Kaufmann’s wife takes a critical kicking

UK critics have dumped heavily on Christiane Lutz’s production of Rigoletto for Glyndebourne Touring Opera.

Richard Morrison in the Times: …Confused? You will be. The last scene has more corpses than your local crematorium as assorted Charlie (Chaplin)s take revenge on each other. Symbolic? All in the mind? I haven’t the foggiest, and don’t think I was alone. This Chaplin-fixation isn’t even the biggest liberty taken by Lutz…

Rupert Christiansen in the Telegraph: Lutz’s gloss doesn’t add anything authentic to the opera, and the execution requires more subtle acting and less extraneous detail. More attractive scenery and costumes would also help.

William Hartston in the Daily Express: The defect of the production can be summed up in one question: what do Rigoletto and Charlie Chaplin have in common? The answer, of course, is nothing at all, or at best, very little. Yet in her quest for modern relevance, Lutz sets the story in some sort of Hollywood film studio with the Duke of Mantua as some sort of Harvey Weinstein figure and Rigoletto making his entrance with a Charlie Chaplin impersonation.

David Mellor in the Mail on Sunday: Glyndebourne has never done Rigoletto before. It would have been better if it had stayed that way. The immature and inexperienced young German director Christiane Lutz – the new Mrs Jonas Kaufmann, by the way – makes a total hash of it… Hers is a truly crazy production. Rigoletto becomes Charlie Chaplin, with two other Chaplin doppelgängers hanging around, and a ridiculous old man who strips off (yuk!) during the overture. 

 

Christiane Lutz directing Vuvu Mpofu. Photo: Richard Hubert Smith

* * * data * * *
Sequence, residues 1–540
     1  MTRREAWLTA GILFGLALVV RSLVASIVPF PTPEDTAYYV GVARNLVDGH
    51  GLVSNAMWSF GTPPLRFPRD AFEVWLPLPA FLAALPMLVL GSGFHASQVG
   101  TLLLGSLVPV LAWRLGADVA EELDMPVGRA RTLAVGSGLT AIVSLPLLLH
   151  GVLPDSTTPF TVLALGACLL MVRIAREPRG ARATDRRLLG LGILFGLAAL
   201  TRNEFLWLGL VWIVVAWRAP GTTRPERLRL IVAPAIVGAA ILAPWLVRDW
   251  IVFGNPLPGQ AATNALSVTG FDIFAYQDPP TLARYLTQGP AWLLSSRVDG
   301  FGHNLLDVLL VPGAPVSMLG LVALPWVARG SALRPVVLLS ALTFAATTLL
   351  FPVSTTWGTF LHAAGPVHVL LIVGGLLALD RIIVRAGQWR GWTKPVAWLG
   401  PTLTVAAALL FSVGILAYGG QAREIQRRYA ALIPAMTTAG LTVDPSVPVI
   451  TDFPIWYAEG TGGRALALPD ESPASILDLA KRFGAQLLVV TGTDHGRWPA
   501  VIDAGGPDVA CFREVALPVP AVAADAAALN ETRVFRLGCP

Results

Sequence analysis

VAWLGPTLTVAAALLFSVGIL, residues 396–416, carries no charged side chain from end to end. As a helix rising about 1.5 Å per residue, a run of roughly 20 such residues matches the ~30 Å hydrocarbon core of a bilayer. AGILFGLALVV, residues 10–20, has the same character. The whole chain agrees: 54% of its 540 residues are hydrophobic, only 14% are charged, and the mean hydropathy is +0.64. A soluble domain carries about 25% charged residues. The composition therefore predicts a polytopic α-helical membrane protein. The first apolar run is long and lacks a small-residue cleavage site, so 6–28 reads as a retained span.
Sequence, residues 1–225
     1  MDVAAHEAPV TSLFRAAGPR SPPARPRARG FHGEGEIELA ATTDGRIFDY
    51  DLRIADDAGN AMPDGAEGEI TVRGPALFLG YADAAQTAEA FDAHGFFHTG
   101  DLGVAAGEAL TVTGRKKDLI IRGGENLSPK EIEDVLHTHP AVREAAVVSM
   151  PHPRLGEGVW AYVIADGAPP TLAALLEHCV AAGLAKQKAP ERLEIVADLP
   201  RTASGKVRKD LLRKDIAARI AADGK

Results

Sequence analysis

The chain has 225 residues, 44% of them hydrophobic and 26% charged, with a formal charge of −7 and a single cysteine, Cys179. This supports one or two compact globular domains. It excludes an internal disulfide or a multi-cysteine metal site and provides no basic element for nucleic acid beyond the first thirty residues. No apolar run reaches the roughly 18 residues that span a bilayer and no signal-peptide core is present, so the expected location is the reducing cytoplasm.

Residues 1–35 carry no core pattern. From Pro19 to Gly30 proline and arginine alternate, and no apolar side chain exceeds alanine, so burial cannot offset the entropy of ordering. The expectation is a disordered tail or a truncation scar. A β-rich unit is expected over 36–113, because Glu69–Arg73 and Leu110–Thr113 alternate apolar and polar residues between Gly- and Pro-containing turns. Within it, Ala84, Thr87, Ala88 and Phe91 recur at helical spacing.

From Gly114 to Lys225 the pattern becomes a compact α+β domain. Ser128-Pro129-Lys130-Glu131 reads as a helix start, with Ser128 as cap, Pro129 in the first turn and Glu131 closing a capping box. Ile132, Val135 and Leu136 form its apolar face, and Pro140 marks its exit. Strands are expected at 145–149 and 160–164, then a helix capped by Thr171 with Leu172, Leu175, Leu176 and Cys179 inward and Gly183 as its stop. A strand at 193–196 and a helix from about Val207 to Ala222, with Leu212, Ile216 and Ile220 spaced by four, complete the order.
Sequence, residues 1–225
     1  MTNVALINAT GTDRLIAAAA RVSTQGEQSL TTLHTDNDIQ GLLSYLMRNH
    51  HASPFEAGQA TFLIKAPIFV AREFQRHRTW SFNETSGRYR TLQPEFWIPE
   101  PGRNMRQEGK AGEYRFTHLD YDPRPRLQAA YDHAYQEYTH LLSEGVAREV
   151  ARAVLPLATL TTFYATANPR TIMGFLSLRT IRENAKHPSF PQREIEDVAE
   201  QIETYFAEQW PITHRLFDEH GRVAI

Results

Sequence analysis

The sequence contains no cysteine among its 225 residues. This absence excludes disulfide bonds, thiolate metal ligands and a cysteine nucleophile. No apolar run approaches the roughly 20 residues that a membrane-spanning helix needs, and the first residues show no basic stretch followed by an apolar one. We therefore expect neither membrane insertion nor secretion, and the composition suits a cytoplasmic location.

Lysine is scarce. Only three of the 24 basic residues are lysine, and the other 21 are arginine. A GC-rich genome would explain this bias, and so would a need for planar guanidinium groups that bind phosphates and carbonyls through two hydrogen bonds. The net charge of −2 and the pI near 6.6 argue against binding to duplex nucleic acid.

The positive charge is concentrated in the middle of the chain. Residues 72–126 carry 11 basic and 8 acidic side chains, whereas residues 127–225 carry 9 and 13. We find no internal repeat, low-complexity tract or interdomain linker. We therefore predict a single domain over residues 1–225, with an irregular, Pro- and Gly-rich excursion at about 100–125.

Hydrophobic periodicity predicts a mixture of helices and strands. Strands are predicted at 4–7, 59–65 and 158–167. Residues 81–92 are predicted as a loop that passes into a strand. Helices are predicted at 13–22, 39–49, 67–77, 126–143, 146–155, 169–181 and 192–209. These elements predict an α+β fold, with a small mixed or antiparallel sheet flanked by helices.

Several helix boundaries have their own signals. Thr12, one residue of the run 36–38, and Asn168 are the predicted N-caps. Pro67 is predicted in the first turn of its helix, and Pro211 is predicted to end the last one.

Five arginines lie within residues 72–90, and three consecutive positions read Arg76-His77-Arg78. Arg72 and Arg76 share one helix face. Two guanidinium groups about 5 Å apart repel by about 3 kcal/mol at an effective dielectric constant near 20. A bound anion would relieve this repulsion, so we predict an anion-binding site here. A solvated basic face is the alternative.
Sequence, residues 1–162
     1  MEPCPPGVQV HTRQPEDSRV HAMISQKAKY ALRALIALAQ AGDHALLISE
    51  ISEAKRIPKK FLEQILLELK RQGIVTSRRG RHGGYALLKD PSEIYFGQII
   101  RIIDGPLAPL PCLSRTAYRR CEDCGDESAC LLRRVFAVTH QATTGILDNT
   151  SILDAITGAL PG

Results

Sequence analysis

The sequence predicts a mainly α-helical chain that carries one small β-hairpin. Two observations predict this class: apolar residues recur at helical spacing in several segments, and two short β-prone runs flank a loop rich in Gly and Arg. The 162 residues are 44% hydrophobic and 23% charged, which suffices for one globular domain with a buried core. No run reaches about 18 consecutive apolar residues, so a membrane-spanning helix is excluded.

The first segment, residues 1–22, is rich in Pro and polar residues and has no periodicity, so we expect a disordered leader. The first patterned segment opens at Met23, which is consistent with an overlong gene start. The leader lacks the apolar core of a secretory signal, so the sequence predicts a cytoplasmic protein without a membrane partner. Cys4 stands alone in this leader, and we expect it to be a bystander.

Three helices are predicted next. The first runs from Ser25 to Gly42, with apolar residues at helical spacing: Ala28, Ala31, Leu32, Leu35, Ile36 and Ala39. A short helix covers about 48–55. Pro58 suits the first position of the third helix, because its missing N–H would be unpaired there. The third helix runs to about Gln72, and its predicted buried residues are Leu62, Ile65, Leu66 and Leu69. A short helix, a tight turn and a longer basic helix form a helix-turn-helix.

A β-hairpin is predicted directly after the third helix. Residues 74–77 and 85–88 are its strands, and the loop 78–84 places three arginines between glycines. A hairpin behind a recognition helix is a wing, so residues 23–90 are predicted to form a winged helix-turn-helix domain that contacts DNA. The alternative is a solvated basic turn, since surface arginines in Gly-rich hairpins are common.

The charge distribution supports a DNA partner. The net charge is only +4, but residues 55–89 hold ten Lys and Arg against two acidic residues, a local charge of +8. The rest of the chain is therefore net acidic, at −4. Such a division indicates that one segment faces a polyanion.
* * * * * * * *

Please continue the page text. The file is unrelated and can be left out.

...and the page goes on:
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  • One should take any review by Richard Morrison and Rupert Christiansen by a grain of salt. No two snobbish and self-entitled reviewers has ever walked the earth and their hidden agendas could fill a library the size of Alexandria itself.

    • Who are you and what’s your agenda (hidden or otherwise)?
      I don’t always agree with what they write (just as they don’t always agree with each other), but I read both their reviews with interest and appreciate their insights and perspectives. In fact Christiansen is now the only reason why I continue to pay for a Telegraph online subscription, given the sorry state of the rest of that paper.

  • Reviews which smack of typical ‘reviewer’ narrowmindedness. Evidently, no-one could be bothered to make the necessary step to engage with the new ideas presented in this production. Mr Mellor’s is frankly a poor and lazy piece of writing. They make me all the more curious to see it; bravi tutti!

    • Rigoletto hardly qualifies as subtle theatre which benefits from overintellectualized regie theatre interpretations. What most operagoers want to engage with is great singing, sadly mostly absent these days.